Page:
Velma K. Conyers.
An article, "City
Pioneer Gets a Day of Her Own" appears in the March 24, 2009 issue of
the Crestview News Bulletin. The following
also appears in the article. Mrs. Conyers, a Crestview
resident for 86
years, turned 96 on March 14, 2009
March 21st, 2009, has been designated as Velma K. Conyers Day; andChester
Officer Chester Pruitt
- 1968) was the 1st African American police officer in Ft. Walton
Beach. He joined police force in 1948 and served throughout
1950-60s. A Great Floridian Plaque in his honor has been
at the Chester Pruitt Neighborhood Center. 15 Carson Dr. in Ft. Walton
K. Conyers has been a resident of the City of Crestview, Okaloosa
County, for 86 years; and
K. Conyers has served as Worthy Matron of Crestview Chapter No. 7A
(later named Velma K.
Conyers’ Chapter No. 7 in her honor), Order of the Eastern
Prince Hall Affiliated, Bethlehem
Grand Chapter, for 47 years; and
K. Conyers will celebrate her 96th birthday on March 14th, 2009, and be
counted among a very
special group of our society called
I, Mayor David Cadle, by virtue of the authority vested in me as the
Mayor of the City of Crestview,
Florida, do hereby proclaim the day of
March 21st, 2009, as Velma K. Conyers Day.
Cadle, Mayor, Crestview, FL.
“Father Ian Bordenave,
pastor of St. Anthony of Padua Parish in New Orleans, preaches at the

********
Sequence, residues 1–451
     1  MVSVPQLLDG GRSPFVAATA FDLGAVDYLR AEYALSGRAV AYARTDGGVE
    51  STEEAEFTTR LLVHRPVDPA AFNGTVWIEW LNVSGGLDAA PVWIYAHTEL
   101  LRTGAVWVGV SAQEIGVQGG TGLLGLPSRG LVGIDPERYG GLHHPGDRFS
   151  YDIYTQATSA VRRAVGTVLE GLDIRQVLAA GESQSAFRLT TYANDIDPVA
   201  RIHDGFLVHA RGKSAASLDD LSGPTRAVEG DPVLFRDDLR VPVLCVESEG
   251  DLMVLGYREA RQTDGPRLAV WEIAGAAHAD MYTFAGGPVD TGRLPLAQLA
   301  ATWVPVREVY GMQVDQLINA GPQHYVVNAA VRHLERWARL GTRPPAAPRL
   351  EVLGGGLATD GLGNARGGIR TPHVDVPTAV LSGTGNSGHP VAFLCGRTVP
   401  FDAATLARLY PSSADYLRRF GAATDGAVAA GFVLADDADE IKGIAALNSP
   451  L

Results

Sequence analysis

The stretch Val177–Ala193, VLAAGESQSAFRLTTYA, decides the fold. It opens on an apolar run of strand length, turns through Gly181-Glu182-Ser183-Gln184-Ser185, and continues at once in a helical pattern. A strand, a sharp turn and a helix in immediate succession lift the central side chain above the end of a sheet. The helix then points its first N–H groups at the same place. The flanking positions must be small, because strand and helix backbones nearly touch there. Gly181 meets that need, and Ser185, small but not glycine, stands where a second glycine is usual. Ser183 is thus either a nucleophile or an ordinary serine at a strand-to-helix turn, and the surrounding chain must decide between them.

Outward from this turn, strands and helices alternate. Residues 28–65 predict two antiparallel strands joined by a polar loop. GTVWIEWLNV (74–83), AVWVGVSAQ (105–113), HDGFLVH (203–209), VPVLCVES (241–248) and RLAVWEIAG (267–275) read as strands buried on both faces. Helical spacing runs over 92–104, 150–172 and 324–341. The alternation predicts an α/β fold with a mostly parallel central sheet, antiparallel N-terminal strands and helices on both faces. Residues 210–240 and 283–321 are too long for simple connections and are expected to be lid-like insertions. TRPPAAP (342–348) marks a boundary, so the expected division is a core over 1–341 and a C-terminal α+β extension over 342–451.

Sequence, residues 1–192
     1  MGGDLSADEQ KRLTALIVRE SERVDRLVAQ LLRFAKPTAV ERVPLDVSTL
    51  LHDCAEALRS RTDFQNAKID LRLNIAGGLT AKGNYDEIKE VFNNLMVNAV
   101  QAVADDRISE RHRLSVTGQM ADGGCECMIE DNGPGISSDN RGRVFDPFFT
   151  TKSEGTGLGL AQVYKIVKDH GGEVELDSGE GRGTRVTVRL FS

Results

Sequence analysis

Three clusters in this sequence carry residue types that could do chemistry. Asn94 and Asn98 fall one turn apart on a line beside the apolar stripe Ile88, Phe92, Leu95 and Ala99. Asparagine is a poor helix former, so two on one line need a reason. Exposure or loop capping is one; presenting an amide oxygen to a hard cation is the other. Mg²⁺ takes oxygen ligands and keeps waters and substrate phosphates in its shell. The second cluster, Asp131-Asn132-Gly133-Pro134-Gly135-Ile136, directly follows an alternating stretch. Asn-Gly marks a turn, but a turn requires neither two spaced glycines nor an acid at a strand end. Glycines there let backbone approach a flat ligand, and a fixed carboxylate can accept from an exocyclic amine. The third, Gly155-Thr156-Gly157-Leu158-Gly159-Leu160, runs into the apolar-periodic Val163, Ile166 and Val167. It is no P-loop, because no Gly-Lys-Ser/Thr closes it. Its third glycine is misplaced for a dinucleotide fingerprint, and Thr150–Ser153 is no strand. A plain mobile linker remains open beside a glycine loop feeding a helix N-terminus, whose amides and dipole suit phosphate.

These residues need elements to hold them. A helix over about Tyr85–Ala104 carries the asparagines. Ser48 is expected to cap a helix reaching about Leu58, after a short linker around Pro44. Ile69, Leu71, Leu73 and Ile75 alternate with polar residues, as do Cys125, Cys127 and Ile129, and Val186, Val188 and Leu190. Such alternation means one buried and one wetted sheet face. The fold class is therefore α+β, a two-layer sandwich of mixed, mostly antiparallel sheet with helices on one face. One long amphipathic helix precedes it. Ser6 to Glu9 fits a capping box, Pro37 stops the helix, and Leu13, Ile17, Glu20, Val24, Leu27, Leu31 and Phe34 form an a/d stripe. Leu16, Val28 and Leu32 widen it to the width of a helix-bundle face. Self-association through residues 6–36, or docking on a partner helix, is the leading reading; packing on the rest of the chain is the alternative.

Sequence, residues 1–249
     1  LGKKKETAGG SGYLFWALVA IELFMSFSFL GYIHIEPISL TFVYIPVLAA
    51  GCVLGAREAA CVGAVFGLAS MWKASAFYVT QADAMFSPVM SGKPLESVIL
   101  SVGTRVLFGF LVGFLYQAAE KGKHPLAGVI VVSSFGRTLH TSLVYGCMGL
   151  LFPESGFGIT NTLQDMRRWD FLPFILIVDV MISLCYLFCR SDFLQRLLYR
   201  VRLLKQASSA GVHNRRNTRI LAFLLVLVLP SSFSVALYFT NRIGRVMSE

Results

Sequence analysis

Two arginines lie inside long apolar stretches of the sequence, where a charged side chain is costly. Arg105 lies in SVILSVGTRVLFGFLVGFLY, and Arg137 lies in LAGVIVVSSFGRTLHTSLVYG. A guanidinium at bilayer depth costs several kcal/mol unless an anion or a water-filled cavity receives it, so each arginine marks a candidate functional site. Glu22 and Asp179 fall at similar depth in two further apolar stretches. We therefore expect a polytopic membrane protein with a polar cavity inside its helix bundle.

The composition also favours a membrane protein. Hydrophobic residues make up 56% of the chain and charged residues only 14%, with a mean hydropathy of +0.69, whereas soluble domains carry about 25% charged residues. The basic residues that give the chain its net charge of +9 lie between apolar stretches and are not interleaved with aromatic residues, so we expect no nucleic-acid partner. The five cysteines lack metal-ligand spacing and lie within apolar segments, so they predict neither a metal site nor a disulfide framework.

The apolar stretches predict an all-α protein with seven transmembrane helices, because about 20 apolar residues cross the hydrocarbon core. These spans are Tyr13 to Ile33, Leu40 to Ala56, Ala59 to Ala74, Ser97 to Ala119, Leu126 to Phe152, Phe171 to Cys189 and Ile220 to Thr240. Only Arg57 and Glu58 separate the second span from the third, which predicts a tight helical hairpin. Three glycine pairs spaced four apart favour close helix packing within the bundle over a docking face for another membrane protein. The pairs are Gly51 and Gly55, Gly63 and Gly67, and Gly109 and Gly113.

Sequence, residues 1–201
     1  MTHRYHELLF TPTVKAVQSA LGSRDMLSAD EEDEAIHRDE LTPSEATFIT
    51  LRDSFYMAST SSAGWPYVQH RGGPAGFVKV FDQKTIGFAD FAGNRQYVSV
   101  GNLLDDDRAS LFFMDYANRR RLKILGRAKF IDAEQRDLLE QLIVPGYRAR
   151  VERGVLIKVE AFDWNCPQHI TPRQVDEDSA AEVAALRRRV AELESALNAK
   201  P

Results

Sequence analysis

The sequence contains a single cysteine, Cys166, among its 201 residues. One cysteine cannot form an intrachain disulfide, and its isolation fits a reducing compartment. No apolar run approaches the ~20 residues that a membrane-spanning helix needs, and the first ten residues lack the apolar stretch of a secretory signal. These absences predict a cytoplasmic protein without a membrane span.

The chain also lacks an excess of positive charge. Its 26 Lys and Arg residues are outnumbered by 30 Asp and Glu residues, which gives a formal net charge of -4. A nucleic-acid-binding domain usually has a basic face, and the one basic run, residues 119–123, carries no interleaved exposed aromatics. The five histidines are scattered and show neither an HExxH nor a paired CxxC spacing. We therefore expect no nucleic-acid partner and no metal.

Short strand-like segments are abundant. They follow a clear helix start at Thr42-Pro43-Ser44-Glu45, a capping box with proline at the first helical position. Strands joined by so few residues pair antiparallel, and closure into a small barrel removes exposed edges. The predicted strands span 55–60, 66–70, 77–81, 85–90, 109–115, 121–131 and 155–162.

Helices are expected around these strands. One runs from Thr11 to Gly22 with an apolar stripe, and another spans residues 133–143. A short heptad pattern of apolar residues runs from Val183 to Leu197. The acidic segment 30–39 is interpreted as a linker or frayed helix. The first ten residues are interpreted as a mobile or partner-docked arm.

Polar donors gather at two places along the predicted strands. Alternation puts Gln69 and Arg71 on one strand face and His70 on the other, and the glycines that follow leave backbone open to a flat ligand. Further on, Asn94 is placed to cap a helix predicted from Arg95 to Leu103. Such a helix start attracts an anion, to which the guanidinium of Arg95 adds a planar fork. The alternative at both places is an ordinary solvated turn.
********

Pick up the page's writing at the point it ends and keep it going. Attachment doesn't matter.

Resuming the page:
27th annual Mass commemorating Black History Month Feb. 3 in Fort
Walton Beach. Father Bordenave grew up in Okaloosa County and
the military before becoming a Dominican priest. The Mass,
by the Catholic African-American Cultural Awareness Group of Okaloosa
County, calls attention each year to the importance of
the contributions of African-American
Catholics to the church and to
“His birth certificate from Keesler Air
Force Base, Miss., listed him and his parents as Negro.
Father Ian G. Bordenave grew up thinking of himself more as Creole
French and Spanish — than as Negro. To escape
family, when they moved to Eglin Air Force Base in northwest Florida in
1967, played down their ethnicity. Indicative of the pain and turmoil
of the times, others with similar backgrounds did the same
thing 40 and
more years ago: pass for white, or as the French would say,
the entire article, “ Mass Celebrates Solidarity,
and Diversity” in the web publication of the
The article is written by Peggy Dekeyser of the Florida
Pensacola-Tallahassee Bureau Editor. The publication date is
February 15, 2008. You can read the entire article at the